Race and the White Elephant War of 1884
November 28, 2017 5:06 PM   Subscribe

Of course we have all learned by this time,” Barnum told his retinue, “that there is no such thing as a really pure white elephant. This is a sacred animal, a technical white elephant, and as white as God makes ’em. A man can paint them white, but this is not one of that kind.” Although readers who had followed the coverage of Toung Taloung’s reception in London would indeed have learned that white elephants are not literally white, Barnum’s matter-of-fact statement belied the controversy that the color of white elephants had already engendered in the popular imagination. In 1884, Toung Taloung was the catalyst for a broader public debate about race and authenticity.
Ross Bullen on how a bizarre episode in circus history became an unlikely forum for discussing 19th-century theories of race.
posted by Rumple (2 comments total) 16 users marked this as a favorite
 
That's really interesting! Obviously, this part was right up my alley:
Further complicating the relationship between human whiteness and white elephants is the fact that the English term “white elephant” is an inadequate and misleading translation of the Thai phrase for these animals. The Thai word for elephant is chang, and a white elephant is a chang pheuak. According to Rita Ringis, “chang pheuak . . . literally means ‘albino (or strange-coloured) elephant’, the usual word for the colour ‘white’ being different entirely.” Like virtually every other American or European who wrote about Siam and white elephants in the nineteenth century, Vincent was open about the fact that “white elephant” was a poor translation of chang pheuak. And yet he still describes these animals as “so-called ‘white’ elephant[s]”, glossing over what he admits is a semantic problem in order to cast creatures like Toung Taloung as racial imposters who — like a light-skinned African American — might try to pass as white in order to access the closely guarded privileges of white identity.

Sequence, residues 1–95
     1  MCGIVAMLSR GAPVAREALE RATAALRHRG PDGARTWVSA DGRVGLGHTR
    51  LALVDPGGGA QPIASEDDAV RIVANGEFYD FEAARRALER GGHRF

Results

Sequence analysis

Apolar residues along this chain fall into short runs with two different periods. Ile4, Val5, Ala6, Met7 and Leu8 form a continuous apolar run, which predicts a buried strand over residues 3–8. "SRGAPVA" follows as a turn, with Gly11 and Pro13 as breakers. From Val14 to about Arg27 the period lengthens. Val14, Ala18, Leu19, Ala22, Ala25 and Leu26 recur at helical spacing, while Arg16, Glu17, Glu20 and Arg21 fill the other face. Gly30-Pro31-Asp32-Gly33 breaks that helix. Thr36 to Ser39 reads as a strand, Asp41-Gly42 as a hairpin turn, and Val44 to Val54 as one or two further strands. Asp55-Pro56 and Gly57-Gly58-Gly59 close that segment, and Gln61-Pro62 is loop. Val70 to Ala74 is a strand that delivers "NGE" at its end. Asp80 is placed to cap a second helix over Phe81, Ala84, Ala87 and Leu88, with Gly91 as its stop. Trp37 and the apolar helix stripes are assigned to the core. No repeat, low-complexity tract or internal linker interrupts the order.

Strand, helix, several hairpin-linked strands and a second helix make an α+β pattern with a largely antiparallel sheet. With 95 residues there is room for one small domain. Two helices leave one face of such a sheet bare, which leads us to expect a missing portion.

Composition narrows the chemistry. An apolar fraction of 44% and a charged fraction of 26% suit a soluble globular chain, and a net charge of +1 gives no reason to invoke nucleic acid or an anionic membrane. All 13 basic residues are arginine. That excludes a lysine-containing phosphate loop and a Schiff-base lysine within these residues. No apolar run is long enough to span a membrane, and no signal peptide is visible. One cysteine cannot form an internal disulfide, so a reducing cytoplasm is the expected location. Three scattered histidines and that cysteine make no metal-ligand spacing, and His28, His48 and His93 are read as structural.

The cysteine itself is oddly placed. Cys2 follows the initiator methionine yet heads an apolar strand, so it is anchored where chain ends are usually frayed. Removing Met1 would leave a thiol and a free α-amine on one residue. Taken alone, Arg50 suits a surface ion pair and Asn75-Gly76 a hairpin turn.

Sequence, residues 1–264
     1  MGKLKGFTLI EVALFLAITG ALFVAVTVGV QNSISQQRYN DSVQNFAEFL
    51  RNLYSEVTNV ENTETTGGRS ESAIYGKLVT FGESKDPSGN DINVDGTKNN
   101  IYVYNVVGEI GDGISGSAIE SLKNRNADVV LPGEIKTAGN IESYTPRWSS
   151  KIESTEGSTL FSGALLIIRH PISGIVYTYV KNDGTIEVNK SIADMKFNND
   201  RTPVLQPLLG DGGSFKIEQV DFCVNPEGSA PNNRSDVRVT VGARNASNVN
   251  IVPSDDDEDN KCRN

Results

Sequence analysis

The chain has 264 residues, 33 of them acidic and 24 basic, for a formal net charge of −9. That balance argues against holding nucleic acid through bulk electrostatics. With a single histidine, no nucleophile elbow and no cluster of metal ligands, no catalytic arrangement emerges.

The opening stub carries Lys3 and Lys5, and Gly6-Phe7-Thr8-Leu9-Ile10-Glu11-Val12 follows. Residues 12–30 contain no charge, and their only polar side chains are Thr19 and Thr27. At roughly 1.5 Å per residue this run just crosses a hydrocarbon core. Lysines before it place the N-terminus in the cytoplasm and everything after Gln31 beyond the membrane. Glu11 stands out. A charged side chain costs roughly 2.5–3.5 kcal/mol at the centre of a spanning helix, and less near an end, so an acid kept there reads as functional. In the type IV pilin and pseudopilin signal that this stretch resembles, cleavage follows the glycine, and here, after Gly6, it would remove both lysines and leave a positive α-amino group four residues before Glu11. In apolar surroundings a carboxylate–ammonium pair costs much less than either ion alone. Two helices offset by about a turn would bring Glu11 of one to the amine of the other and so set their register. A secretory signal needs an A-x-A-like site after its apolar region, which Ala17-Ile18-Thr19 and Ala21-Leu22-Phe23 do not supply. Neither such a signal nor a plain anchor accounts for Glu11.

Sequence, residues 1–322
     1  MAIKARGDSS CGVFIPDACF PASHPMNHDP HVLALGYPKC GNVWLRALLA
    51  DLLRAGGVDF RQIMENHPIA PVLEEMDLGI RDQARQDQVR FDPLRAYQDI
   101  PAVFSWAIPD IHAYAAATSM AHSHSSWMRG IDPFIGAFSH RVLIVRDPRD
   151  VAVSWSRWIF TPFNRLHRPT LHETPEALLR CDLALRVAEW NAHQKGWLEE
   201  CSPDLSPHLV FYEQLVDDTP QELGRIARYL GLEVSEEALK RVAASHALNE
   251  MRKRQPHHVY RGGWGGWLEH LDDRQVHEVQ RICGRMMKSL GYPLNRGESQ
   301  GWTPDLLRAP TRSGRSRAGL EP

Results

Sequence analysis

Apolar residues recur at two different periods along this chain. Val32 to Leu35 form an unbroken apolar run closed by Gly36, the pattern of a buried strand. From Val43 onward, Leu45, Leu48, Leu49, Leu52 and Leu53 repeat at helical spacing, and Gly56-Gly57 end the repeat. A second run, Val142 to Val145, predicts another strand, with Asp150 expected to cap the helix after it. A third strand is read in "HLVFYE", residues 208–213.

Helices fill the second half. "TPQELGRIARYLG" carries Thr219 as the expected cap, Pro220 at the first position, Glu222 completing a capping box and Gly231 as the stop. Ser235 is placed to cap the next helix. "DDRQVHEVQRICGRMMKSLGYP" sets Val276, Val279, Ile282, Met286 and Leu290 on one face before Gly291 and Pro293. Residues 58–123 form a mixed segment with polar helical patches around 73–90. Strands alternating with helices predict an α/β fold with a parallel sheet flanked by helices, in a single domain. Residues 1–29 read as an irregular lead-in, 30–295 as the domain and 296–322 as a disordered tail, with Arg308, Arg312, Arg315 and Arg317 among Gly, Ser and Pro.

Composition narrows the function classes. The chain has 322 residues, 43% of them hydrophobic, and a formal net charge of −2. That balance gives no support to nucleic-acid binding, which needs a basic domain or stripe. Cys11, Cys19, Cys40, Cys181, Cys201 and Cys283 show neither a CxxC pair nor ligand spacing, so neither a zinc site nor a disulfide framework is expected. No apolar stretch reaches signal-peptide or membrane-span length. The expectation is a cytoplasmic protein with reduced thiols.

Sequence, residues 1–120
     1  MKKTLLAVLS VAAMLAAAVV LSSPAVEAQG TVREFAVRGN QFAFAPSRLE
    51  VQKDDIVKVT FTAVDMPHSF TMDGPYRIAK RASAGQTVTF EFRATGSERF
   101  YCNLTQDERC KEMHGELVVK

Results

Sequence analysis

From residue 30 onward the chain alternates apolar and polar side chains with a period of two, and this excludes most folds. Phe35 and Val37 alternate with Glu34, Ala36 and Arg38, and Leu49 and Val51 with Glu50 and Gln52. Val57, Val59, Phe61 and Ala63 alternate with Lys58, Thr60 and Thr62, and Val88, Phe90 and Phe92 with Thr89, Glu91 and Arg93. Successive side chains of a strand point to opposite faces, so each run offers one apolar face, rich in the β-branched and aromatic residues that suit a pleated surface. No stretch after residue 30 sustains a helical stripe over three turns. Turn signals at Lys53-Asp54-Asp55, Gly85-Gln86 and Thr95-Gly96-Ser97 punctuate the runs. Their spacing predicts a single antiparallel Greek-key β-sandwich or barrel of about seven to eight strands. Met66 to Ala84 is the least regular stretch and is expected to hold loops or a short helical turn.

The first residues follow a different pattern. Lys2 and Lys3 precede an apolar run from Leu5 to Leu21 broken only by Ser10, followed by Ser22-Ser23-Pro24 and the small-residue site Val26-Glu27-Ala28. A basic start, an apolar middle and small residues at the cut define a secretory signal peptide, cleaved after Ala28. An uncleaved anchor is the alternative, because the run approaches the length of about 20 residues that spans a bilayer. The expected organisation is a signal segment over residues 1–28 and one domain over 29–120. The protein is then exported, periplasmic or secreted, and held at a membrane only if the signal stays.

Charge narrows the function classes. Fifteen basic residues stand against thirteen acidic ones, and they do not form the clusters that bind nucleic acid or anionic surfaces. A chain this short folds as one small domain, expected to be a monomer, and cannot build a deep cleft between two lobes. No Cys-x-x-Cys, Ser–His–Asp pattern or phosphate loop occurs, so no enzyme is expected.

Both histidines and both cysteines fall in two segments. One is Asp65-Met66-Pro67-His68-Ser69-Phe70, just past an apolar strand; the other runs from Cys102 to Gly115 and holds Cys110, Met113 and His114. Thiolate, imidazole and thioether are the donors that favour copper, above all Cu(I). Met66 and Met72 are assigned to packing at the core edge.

If the white elephant is viewed as an imposter because of its improper claim on whiteness, this conception of the animal as a kind of fraud is also supported by the Oxford English Dictionary’s definition of “white elephant” as both “a rare albino variety of elephant which is highly venerated in some Asian countries”, and “A burdensome or costly possession (from the story that the kings of Siam (now Thailand) were accustomed to make a present of one of these animals to courtiers who had rendered themselves obnoxious, in order to ruin the recipient by the cost of its maintenance). Also, an object, scheme, etc., considered to be without use or value.”

Although this story of the Siamese king and his ruined courtier does provide a compelling explanation for why “white elephant” can mean “an object, scheme, etc., considered to be without use or value”, it is nevertheless a complete fabrication. Indeed, if read together, the OED’s two definitions for “white elephant” present a paradox: If white elephants are “rare” and “highly venerated”, why would the king of Siam give one away to punish a subordinate? Unsurprisingly, there is no recorded instance of this practice in Thai history. Nevertheless, this figurative definition of “white elephant” as a kind of fatal gift has had a lasting influence on the English language. It can be detected today in phenomena like “white elephant sales” or “white elephant gift exchanges”, but in the 1880s, “white elephant” was a common expression for any kind of useless or burdensome object.
Thanks for the post!
posted by languagehat at 8:37 AM on November 29 [2 favorites]


Really enjoyed this article, and whoa, why haven't I been reading Public Domain Review for all these years?!
posted by desuetude at 9:13 AM on November 29 [1 favorite]


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